'No Saints Around Here': "A monumental display of selflessness and love"
Susan Allen Toth’s new book of essays, No Saints Around Here: A Caregiver’s Days, is a beautiful chronicle of the life of a primary caregiver. Toth’s beloved husband, James, had Parkinson’s disease. Although he was ill for over a decade, these essays were written in the last 18 months of James’s life. The stories she tells in this book are brutally honest, funny, and affecting, with the end result being a very worthwhile read about unconditional love, sacrifice, time, and loss.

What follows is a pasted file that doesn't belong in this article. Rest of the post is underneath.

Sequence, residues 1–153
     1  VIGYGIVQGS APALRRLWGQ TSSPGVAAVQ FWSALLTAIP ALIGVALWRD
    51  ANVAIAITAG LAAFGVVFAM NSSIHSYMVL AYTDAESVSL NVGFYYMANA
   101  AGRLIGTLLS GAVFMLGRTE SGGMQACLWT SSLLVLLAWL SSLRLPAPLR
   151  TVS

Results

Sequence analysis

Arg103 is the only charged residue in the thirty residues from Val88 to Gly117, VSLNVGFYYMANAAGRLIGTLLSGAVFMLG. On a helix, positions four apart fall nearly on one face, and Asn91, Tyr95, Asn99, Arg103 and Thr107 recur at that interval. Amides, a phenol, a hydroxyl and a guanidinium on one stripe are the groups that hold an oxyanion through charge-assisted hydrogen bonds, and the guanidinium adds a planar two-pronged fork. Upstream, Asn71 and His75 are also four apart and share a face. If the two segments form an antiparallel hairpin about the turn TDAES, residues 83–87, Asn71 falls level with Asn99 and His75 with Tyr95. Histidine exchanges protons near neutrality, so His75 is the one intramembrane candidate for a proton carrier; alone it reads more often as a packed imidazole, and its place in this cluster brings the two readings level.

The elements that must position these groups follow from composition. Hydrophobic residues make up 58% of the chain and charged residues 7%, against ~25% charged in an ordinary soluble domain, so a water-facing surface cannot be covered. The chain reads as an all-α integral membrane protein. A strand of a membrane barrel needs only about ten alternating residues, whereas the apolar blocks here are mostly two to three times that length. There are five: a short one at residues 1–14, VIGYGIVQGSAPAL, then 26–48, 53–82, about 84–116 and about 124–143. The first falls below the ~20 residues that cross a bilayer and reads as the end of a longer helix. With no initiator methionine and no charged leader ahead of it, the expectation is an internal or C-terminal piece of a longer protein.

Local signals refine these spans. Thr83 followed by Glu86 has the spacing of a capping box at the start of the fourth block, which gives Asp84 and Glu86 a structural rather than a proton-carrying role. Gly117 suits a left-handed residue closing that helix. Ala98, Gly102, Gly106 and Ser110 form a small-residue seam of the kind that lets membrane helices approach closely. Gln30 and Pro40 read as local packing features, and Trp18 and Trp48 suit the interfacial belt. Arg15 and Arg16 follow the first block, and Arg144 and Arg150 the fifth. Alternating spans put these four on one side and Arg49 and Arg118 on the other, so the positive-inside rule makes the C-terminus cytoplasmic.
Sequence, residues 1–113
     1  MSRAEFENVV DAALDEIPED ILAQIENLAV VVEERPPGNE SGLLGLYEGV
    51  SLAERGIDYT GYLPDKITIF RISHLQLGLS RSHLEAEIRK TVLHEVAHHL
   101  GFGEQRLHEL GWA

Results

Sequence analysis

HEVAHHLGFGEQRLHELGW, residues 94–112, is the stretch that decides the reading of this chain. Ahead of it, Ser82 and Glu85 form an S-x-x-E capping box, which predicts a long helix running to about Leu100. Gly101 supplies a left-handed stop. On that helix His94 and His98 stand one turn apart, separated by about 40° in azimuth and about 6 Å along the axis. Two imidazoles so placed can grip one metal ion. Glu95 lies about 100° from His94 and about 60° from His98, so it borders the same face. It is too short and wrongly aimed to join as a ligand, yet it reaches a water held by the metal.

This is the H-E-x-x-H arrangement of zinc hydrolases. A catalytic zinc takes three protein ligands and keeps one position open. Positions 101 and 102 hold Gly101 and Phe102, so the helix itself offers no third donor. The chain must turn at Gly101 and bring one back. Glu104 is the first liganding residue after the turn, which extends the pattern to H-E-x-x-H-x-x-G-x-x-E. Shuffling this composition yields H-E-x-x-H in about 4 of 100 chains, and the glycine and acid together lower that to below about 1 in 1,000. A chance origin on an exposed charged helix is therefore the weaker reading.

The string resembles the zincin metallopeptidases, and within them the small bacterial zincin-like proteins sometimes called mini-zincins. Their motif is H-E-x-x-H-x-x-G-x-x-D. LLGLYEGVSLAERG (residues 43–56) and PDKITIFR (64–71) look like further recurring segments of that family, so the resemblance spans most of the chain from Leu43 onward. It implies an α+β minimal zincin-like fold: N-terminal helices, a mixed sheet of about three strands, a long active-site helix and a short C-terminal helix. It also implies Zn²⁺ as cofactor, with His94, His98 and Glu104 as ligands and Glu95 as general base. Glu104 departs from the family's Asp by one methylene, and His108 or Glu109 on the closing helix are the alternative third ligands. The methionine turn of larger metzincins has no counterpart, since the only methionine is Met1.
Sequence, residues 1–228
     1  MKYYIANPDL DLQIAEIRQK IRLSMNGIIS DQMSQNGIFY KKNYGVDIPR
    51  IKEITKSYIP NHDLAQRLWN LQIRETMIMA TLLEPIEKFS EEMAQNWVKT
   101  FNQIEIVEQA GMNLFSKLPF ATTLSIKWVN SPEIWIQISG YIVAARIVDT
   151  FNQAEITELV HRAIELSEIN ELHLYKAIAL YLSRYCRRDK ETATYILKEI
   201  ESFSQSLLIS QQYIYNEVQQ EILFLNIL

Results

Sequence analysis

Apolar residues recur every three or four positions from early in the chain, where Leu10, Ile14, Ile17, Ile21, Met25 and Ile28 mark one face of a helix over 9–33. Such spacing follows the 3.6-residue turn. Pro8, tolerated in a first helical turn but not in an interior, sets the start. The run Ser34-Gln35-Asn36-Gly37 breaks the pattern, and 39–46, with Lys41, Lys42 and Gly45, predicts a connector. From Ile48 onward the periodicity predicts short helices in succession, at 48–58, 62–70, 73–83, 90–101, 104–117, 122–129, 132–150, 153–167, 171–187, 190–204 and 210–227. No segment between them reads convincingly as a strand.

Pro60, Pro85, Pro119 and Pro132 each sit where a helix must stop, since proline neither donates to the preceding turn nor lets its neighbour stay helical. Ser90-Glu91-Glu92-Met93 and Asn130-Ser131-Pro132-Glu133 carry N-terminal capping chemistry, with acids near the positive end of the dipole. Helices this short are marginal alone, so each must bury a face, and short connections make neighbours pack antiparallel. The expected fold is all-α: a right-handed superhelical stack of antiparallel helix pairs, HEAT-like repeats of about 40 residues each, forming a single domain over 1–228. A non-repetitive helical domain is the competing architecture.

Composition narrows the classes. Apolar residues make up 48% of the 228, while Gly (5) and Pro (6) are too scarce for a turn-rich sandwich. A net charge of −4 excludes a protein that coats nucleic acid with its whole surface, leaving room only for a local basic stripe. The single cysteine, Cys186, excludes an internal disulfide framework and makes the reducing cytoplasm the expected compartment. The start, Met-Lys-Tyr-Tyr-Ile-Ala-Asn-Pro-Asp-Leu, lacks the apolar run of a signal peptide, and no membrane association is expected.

Her readers get the sense that Toth left these essays very much in their original state, which, to her credit, was probably a difficult thing to do. The most surprising aspect of this book is how extremely candidly she writes. It likely would have been easy (and tempting) for an author of a book like this to go back and edit with the sentimental hand that is hindsight. Toth, on the other hand, left these essays as they were when she wrote them, in a gritty testimony to the grueling years she put in as a caregiver. The result is a book that holds nothing back. Watching a loved one slowly succumb to a disease like Parkinson’s is not an easy feat — but it’s even more difficult to be at ground zero, day in and day out, for years.